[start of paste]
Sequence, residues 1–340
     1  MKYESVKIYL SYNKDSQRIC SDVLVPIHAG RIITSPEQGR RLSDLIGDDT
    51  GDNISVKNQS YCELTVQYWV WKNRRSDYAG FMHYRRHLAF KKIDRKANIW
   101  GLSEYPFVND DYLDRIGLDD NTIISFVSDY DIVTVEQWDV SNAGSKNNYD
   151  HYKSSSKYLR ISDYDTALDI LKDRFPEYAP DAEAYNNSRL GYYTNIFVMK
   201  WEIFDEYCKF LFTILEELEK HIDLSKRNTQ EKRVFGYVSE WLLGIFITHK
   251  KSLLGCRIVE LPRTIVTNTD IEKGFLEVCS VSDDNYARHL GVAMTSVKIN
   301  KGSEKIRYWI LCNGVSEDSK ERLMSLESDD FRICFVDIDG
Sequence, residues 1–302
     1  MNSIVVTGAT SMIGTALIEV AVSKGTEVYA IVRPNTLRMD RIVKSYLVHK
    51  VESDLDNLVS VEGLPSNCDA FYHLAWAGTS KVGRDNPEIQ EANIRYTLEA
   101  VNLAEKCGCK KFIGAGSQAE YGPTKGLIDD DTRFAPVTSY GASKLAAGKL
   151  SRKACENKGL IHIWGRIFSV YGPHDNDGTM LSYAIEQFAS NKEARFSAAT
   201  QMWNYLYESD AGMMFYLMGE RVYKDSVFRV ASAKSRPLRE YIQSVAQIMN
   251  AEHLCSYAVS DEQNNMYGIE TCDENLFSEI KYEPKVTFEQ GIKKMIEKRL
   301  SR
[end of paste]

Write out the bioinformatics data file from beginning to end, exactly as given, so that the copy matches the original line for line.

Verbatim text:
Sequence, residues 1–340
     1  MKYESVKIYL SYNKDSQRIC SDVLVPIHAG RIITSPEQGR RLSDLIGDDT
    51  GDNISVKNQS YCELTVQYWV WKNRRSDYAG FMHYRRHLAF KKIDRKANIW
   101  GLSEYPFVND DYLDRIGLDD NTIISFVSDY DIVTVEQWDV SNAGSKNNYD
   151  HYKSSSKYLR ISDYDTALDI LKDRFPEYAP DAEAYNNSRL GYYTNIFVMK
   201  WEIFDEYCKF LFTILEELEK HIDLSKRNTQ EKRVFGYVSE WLLGIFITHK
   251  KSLLGCRIVE LPRTIVTNTD IEKGFLEVCS VSDDNYARHL GVAMTSVKIN
   301  KGSEKIRYWI LCNGVSEDSK ERLMSLESDD FRICFVDIDG
Sequence, residues 1–302
     1  MNSIVVTGAT SMIGTALIEV AVSKGTEVYA IVRPNTLRMD RIVKSYLVHK
    51  VESDLDNLVS VEGLPSNCDA FYHLAWAGTS KVGRDNPEIQ EANIRYTLEA
   101  VNLAEKCGCK KFIGAGSQAE YGPTKGLIDD DTRFAPVTSY GASKLAAGKL
   151  SRKACENKGL IHIWGRIFSV YGPHDNDGTM LSYAIEQFAS NKEARFSAAT
   201  QMWNYLYESD AGMMFYLMGE RVYKDSVFRV ASAKSRPLRE YIQSVAQIMN
   251  AEHLCSYAVS DEQNNMYGIE TCDENLFSEI KYEPKVTFEQ GIKKMIEKRL
   301  SR